increased. In fiscal years 2003 and 2004, civilian and military actual 
levels did not meet the congressionally directed minimum levels. O&M 
funding has slightly increased since inception, but it missed the 
minimum level in fiscal years 2004 and 2005 by $174,000 (about 1 
percent) and $10,000 (about .06 percent) respectively.

Personnel:

Overall, after an initial consolidation period immediately following 
DPMO's inception, total personnel levels have increased slightly from 
84 in 1995 to 94 in fiscal year 2004. DPMO's requested civilian 
personnel total fell steadily from 1994 through 2001, consistent with 
overall DOD downsizing, and since then has stabilized at 69 requested 
personnel. Throughout these years, most of the requested positions were 
filled.[Footnote 14] In fiscal years 2003 and 2004, DPMO's actual 
civilian personnel level did not meet the congressionally directed 
minimum of 69 personnel. In both fiscal years, the actual number was 
65, about 6 percent less. According to a DPMO official, the office 
tries to stay at the 69-person level; however, retirements, hiring 
actions, transfers, and other personnel issues result in fluctuations 
in the actual number of civilian personnel in DPMO at any one time. 
DPMO officials said that they plan to request an increase to 114 
civilian positions after fiscal year 2006 on a basis of 4 additional 
positions per year. After they complete development of the strategic 
plan tasks and subtasks and resource estimates, they will refine their 
projections and submit requirements for future funding.

The number of military personnel requested, on the other hand, has 
fluctuated considerably over time because of confusion within the 
department as to whether temporary positions assigned to DPMO should be 
included in the number requested. Specifically, while DPMO had 19 
permanent military positions after the initial consolidation period, it 
also had 27 additional military positions that were temporary.[Footnote 
15] These temporary positions have been included in the number of 
positions officially requested in some years, but excluded in others. 
As a result, there is little correlation between the number requested 
and the actual number of military personnel positions.

Specifically, in fiscal year 2003, the year that Congress established 
the minimum number of military personnel for DPMO, DOD included the 19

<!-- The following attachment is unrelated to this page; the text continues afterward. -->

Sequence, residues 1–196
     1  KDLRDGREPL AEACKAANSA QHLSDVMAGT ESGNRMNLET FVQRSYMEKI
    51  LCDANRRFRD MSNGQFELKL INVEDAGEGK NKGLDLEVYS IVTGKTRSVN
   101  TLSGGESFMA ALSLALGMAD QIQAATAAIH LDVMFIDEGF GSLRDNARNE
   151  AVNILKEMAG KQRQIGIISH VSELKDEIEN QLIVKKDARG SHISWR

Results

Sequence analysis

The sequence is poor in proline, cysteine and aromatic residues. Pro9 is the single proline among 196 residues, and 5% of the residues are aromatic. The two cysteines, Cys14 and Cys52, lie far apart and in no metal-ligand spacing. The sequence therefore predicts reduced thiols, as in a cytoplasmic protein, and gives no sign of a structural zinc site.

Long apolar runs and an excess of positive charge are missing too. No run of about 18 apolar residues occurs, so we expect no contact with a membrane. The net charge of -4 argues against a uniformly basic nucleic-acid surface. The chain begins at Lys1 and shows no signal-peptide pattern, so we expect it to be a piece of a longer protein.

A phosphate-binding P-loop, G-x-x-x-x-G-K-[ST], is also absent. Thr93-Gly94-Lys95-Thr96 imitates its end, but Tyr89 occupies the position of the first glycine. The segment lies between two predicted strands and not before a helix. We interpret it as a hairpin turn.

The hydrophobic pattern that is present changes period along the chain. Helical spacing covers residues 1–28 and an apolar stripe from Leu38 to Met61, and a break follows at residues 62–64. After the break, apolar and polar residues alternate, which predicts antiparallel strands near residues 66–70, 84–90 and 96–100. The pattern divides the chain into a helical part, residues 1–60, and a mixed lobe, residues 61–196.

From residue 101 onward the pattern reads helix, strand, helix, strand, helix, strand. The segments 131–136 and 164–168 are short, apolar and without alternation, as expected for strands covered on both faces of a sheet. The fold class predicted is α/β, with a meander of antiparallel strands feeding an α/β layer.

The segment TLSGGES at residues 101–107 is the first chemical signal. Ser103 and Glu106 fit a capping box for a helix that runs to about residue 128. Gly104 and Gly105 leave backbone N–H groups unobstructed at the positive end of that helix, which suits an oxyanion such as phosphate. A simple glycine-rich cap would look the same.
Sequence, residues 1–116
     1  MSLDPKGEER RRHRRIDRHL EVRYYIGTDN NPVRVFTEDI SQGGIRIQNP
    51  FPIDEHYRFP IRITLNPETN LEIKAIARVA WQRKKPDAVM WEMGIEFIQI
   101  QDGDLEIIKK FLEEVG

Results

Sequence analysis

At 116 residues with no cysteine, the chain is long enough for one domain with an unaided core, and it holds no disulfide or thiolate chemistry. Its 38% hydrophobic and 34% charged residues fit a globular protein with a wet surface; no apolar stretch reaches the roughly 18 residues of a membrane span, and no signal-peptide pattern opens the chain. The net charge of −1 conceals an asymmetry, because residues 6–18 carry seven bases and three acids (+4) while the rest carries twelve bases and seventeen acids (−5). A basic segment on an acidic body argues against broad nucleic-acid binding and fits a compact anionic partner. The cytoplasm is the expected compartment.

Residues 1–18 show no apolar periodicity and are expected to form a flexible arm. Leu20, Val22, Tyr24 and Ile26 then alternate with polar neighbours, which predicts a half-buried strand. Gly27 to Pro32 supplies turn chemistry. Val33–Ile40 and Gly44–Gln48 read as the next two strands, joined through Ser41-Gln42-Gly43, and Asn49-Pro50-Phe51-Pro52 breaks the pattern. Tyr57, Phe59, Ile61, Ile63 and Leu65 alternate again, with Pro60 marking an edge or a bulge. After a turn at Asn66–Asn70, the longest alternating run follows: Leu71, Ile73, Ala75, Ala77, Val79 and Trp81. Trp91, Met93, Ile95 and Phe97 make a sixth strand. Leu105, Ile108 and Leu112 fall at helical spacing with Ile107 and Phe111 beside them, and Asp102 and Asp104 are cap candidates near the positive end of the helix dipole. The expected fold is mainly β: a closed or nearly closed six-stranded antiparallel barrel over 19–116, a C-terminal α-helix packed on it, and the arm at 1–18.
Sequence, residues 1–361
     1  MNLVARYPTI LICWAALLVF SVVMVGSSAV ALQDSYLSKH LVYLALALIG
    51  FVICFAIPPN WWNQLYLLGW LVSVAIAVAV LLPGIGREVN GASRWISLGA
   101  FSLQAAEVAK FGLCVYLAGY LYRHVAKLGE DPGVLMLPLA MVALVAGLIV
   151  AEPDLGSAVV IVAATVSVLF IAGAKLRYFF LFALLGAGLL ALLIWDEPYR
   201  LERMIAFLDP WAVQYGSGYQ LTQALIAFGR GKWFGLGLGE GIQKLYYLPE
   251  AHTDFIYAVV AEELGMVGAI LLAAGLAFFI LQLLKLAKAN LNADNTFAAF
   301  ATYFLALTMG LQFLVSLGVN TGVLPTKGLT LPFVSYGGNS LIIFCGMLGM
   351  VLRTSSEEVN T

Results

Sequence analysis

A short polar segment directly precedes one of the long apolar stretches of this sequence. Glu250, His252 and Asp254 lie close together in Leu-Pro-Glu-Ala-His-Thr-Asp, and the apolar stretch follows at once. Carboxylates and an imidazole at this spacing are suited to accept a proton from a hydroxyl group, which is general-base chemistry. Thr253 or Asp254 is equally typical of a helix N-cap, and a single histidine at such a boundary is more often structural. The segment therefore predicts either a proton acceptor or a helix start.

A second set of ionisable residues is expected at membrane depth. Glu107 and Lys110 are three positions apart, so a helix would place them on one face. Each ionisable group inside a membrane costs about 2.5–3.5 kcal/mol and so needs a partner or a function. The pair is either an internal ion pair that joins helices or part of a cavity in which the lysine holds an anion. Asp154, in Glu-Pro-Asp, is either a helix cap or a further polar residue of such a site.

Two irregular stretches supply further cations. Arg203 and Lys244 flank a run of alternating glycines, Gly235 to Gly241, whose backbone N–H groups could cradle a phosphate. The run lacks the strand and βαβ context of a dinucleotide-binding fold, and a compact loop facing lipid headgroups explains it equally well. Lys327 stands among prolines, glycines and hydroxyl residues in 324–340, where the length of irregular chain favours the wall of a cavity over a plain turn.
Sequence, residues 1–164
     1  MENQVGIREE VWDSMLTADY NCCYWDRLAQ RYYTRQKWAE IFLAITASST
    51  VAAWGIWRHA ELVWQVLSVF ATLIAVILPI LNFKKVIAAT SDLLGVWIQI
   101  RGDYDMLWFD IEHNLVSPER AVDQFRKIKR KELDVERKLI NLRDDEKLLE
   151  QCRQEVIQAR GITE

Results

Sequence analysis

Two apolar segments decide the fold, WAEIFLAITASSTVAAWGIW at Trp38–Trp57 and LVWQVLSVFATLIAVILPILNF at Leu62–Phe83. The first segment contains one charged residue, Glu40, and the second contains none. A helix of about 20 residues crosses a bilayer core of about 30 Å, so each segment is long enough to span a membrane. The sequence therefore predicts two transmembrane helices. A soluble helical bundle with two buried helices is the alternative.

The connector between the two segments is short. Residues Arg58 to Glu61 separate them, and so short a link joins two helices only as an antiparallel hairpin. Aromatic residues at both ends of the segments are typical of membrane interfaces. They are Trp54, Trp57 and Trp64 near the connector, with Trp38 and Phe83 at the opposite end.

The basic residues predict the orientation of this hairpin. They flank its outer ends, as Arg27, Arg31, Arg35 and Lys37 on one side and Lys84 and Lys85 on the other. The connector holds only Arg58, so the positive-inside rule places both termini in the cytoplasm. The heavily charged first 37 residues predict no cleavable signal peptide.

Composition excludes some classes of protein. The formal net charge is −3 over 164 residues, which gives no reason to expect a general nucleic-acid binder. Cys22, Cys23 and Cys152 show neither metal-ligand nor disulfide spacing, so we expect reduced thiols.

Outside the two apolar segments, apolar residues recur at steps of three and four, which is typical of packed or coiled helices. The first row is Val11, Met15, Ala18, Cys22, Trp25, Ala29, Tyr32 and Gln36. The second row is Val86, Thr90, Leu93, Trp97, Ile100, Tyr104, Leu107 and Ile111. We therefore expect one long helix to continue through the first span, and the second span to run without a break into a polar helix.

permanent positions but did not include the 27 temporary positions in 
data that it sent to the Office of Management and Budget for inclusion 
in the President's budget request. However, the 19 positions were 
included in the more detailed budget justification materials that are 
submitted by DOD to Congress. As a result, the Office of the 
Comptroller within the Office of the Secretary of Defense initially 
thought the congressionally directed number was 19, while DPMO believed 
it to be 46.

In an April 2004 memorandum, the Deputy Secretary of Defense stated 
that the total number of military personnel positions in DPMO should be 
46. While the number of positions requested has remained at 46 since 
that time, the actual total has been lower than the congressionally 
directed minimum of 46 in both fiscal years 2003 (32 actual, about 30 
percent below) and 2004 (29 actual, about 37 percent below). The 
military services are responsible for providing personnel to fill these 
positions and have not always provided the full complement of 46 
servicemembers to fill DPMO's positions. According to DOD, the 
positions have not always been filled because of competing priorities, 
such as the global war on terrorism. In commenting on a draft of this 
report, DOD stated that, although DPMO's military personnel positions 
are not currently filled at the congressionally directed minimum, DPMO 
continues to meet its mission successfully.

Funding:

DPMO's O&M funding requests, which pay chiefly for civilian salaries, 
travel, and facilities, have increased slightly in current dollars 
since fiscal year 1994, the first year for which some data were 
available. The actual amounts received have closely followed the 
requests. It should be noted that DPMO funding requests included in the 
President's Budgets for fiscal years 2004 and 2005 were slightly lower 
than the $15.974 million congressionally directed minimum for O&M, 
$174,000 and $10,000, respectively. DPMO officials stated they did not 
know why this occurred. In commenting on a draft of this report, DOD 
stated that, although the FY 2004 and FY 2005 funding was slightly less 
than the congressionally directed minimum, it completely funded the 
DPMO mission requirement.

DPMO has no control over military personnel funding, which is